Lou Bloom (Jake Gyllenhaal) begins Nightcrawler as a poor, thieving sociopath and ends it as a thriving, entrepreneurial one. "The character of Lou has no arc," Dan Gilroy, Nightcrawler's director and writer, told BuzzFeed News. "It's almost like the bough of a ship cutting through water. Rather than the world bending the character, the character bends the world."
Nightcrawler is about Lou's unlikely rise as an ambulance-chasing videographer who learns how to both film tragedies and help create them. He has only two sustained human connections that we see, and both are disturbing. One is with his intern, Rick (Riz Ahmed), whom he lectures with self-help speak; the other is with Nina (Rene Russo), the news director at the Los Angeles station where he peddles his (at first) amateurish but alluringly graphic news footage.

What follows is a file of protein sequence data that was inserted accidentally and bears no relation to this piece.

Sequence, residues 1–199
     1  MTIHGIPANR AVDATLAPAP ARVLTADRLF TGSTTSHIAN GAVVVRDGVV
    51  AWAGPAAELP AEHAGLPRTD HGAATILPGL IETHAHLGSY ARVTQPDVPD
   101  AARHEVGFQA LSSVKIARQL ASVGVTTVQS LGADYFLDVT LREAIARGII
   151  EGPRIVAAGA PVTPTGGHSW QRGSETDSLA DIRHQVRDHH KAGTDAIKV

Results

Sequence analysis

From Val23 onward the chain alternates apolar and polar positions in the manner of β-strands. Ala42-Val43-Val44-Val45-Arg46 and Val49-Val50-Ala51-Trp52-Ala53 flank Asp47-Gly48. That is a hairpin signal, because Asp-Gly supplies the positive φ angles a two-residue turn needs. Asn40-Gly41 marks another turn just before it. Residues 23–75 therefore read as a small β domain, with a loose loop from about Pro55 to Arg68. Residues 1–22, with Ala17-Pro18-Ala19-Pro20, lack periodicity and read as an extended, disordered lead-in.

Along the way, Nightcrawler makes points about what news is (and is not), and how professional drive, ambition, and the way we express those things can be toxic.
The movie also touches on — but doesn't fully unpack — sexual transactions that might be more insidious than the word transactions implies. In one scene in Nightcrawler, Lou takes Nina out to dinner. She is aware of his strangeness —the emaciated Gyllenhaal plays Lou as a coiled, wide-eyed, glib weirdo who is imitating human behavior — but because he's been doing good work for her, she has obliged his invitation. In their dark, funny interaction, Lou tells Nina that he wants a "physical relationship" with her, or he will sell his footage elsewhere, jeopardizing her job. "You're threatening me," she says. "I'm negotiating," he answers. She gets increasingly angry: "Jesus Christ. Friends don't pressure friends to fucking sleep with them."
A bit later in the movie, when Lou is negotiating the price for exclusive video of a triple-homicide home invasion, he lists his demands for money, credit, and access to her colleagues. And the kicker: "And the last thing I want, Nina, is for you to do the things I ask you to do when we're alone together in your apartment. Not like the last time."
Thus, leaving a pit in the stomach.